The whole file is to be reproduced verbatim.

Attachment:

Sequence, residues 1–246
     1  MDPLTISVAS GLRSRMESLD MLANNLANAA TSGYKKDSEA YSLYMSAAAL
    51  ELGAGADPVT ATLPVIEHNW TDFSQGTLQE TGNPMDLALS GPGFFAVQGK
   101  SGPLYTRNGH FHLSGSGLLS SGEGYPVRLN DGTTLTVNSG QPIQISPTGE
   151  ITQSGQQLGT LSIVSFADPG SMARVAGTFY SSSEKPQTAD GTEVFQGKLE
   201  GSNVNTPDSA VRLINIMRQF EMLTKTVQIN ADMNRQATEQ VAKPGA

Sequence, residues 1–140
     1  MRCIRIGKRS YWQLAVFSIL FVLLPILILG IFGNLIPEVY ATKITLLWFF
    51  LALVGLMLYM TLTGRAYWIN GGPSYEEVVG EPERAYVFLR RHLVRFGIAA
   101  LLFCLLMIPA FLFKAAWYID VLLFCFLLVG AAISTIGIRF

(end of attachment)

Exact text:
Sequence, residues 1–246
     1  MDPLTISVAS GLRSRMESLD MLANNLANAA TSGYKKDSEA YSLYMSAAAL
    51  ELGAGADPVT ATLPVIEHNW TDFSQGTLQE TGNPMDLALS GPGFFAVQGK
   101  SGPLYTRNGH FHLSGSGLLS SGEGYPVRLN DGTTLTVNSG QPIQISPTGE
   151  ITQSGQQLGT LSIVSFADPG SMARVAGTFY SSSEKPQTAD GTEVFQGKLE
   201  GSNVNTPDSA VRLINIMRQF EMLTKTVQIN ADMNRQATEQ VAKPGA

Sequence, residues 1–140
     1  MRCIRIGKRS YWQLAVFSIL FVLLPILILG IFGNLIPEVY ATKITLLWFF
    51  LALVGLMLYM TLTGRAYWIN GGPSYEEVVG EPERAYVFLR RHLVRFGIAA
   101  LLFCLLMIPA FLFKAAWYID VLLFCFLLVG AAISTIGIRF